The Great Jobs Debate

The economy has been growing for nearly two years since the Great Recession— but someone forgot to tell the American worker. Twenty five million Americans are still underemployed, out of work, working part time, or out of the workforce altogether. For perspective, that number is the same as the population of Texas. Something is broken. Has Washington given up on the unemployed? Or has the economy been fundamentally transformed under the pressures of globalization, technology, and a housing bust?

The Atlantic and McKinsey & Company brought together some of the top minds in business, government, and the world of ideas, each to answer the same question: What is the single best thing Washington can do to jumpstart job creation? Check back here each day through July 22 for more entries.

Stop Trying to Create Jobs, Washington! Reuters

Stop Trying to Create Jobs, Washington!

Michael P. Fleischer

What is the single most important step the government should take to create more jobs? Easy--it should stop trying. Just stop trying.

Derek Thompson

The 16 Best Ideas to Supercharge Job Creation in One Venn Diagram

The most interesting and substantive ideas from the Atlantic/McKinsey Great Jobs Debate

Gerald Chertavian

Give Employers Money to Train, Hire Workers For a Trial Period

Call it a "try before you buy" model, or a risk-free hiring process

Chris Danello

So Many Ideas, So Few Jobs: Why Experts Can't Solve Unemployment

Suggestions to create jobs won't actually help America's unemployed any time soon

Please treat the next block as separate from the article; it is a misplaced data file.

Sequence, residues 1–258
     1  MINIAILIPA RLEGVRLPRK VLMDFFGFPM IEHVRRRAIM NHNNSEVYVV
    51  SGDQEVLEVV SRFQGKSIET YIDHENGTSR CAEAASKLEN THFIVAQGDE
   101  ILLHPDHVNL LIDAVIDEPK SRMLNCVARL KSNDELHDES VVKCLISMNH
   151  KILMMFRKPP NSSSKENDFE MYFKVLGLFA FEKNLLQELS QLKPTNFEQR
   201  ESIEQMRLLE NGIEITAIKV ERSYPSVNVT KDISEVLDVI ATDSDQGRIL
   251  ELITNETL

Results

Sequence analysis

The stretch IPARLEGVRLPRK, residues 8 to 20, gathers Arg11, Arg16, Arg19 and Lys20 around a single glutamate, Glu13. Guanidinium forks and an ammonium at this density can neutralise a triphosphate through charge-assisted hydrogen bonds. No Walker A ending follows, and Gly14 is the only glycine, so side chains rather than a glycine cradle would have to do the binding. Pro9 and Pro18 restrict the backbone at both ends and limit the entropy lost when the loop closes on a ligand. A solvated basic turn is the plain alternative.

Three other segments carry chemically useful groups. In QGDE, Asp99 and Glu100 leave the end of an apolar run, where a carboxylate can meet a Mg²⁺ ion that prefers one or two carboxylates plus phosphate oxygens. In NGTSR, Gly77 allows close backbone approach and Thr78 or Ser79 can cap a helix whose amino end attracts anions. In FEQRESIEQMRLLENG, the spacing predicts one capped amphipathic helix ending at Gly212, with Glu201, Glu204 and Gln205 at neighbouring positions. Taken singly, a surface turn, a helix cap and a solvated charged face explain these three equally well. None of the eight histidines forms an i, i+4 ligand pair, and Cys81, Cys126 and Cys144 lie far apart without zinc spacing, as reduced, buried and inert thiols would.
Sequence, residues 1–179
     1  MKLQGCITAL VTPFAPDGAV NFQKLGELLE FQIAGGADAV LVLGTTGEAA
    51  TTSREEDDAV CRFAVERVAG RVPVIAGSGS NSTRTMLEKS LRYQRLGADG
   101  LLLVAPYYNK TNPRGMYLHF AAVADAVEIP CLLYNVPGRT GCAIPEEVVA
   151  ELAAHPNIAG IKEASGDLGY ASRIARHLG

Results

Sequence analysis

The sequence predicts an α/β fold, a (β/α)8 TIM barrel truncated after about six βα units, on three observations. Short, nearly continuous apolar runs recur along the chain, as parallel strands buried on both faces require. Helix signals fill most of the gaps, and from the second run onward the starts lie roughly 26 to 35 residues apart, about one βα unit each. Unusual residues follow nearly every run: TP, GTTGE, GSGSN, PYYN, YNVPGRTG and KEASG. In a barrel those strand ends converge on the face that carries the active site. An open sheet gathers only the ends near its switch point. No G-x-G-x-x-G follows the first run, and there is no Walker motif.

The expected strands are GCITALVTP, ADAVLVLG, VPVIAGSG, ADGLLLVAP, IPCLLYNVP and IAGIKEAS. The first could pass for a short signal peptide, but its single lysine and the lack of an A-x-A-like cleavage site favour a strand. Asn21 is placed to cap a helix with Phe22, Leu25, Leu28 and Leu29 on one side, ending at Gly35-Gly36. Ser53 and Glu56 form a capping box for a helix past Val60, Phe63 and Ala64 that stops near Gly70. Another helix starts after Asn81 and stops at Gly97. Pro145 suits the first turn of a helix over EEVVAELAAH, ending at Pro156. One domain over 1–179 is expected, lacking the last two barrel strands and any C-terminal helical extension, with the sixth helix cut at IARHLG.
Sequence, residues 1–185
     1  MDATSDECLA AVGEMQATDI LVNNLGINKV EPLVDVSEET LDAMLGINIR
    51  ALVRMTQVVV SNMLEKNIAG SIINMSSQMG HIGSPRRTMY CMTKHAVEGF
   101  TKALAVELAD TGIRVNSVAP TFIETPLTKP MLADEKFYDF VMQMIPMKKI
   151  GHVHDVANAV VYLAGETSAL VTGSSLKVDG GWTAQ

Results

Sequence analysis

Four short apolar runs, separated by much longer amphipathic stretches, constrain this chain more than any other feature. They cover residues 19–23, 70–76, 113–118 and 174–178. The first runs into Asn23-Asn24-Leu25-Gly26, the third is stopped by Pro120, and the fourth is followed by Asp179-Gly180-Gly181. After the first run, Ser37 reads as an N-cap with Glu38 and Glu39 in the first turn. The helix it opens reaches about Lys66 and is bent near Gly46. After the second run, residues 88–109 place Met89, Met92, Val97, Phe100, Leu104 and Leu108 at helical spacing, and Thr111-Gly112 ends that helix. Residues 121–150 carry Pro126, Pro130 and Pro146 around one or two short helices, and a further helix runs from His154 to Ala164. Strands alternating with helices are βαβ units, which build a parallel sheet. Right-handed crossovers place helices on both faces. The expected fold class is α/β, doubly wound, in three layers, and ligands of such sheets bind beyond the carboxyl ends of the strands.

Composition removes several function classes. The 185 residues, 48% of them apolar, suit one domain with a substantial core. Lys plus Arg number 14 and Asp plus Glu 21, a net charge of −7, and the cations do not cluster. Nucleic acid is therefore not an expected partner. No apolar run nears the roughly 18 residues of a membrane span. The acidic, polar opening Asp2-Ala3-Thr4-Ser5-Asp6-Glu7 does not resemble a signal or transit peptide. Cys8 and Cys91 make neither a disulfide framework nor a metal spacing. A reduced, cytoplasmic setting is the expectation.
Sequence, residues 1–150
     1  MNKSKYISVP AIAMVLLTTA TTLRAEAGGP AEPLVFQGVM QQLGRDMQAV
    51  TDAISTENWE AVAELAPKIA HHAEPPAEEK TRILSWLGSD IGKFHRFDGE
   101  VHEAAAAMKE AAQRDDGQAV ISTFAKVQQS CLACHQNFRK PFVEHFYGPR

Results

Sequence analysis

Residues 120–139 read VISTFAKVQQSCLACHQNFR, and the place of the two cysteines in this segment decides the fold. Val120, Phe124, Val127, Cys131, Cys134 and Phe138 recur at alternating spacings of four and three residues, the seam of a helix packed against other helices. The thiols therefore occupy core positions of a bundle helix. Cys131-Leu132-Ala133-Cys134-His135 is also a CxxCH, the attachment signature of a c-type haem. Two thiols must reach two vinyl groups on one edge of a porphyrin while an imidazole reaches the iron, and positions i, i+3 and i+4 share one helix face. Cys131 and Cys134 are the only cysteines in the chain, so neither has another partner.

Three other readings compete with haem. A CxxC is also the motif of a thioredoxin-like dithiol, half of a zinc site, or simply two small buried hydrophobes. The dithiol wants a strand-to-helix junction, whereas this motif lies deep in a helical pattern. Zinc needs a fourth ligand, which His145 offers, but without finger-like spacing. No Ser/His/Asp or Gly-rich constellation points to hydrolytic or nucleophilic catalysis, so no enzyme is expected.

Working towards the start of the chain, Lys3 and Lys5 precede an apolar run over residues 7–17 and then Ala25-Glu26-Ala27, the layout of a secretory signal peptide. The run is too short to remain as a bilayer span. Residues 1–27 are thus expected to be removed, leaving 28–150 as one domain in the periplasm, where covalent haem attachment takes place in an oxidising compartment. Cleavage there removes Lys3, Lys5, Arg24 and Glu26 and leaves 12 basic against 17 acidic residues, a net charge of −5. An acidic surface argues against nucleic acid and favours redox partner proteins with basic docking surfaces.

Richard Florida

Teach Job Creation at Our Business Schools

What if creating jobs -- for ourselves and for others -- became the mantra of our MBA, engineering, science and graduate programs?

Darrell M. West

Stop Forcing Smart Immigrants to Leave the Country

We need to apply an "Einstein Principle" in our approach to immigration and technology innovation

Dana Goldstein

Connect Teenagers to the World of Work

Students are less likely to drop-out and more likely to enjoy school when they see their classes as relevant to their future.

Jody Lewen

Stop Pretending the Unemployment Problem Will Fix Itself If We Ignore It

We are, as a culture, deeply invested in not identifying with people who cannot find a job.

Carl Camden

Make the Tax System Work for the Working Class

The most important thing the United States can do to create jobs is strip away outdated policies that no longer support companies or the people who work in them.

Ross DeVol

Cut Corporate Taxes by a Third

We should reduce the corporate tax rate to 23 percent, a 12-percentage-point reduction from the current 35 percent rate.

Peter Wallison

Repeal the Democrats' Complex and Expensive Legislation

Health care reform, financial reform, and the Consumer Protection Act have made it difficult for businesses to anticipate their future costs.

Martin Neil Baily

Deal With the Deficit Maturely and Immediately

By far the most important thing the federal government can do to build confidence is to agree on a ten-year plan to deal with the budget deficit.

Mike Haynie

Unlock Capital for Small Business

The job creation engine of small business is out of gas. Let's try microlending to get small firms money to hire and expand.

Mary Kay Henry

Get Millionaires to Pay Their Fair Share

Surely we can muster the political courage to tell millionaires they can keep their yachts, but it's time to put American back to work

Bill Clinton

Paint Your Roofs White

Tar roofs cover millions of American buildings, absorbing huge amounts of heat and requiring more air conditioning to cool the rooms

Julián Castro

Invest in American Brainpower

Too many high-tech companies rely on talented immigrants to fill jobs in the digital economy. Immigration is important, but we also need homegrown talent.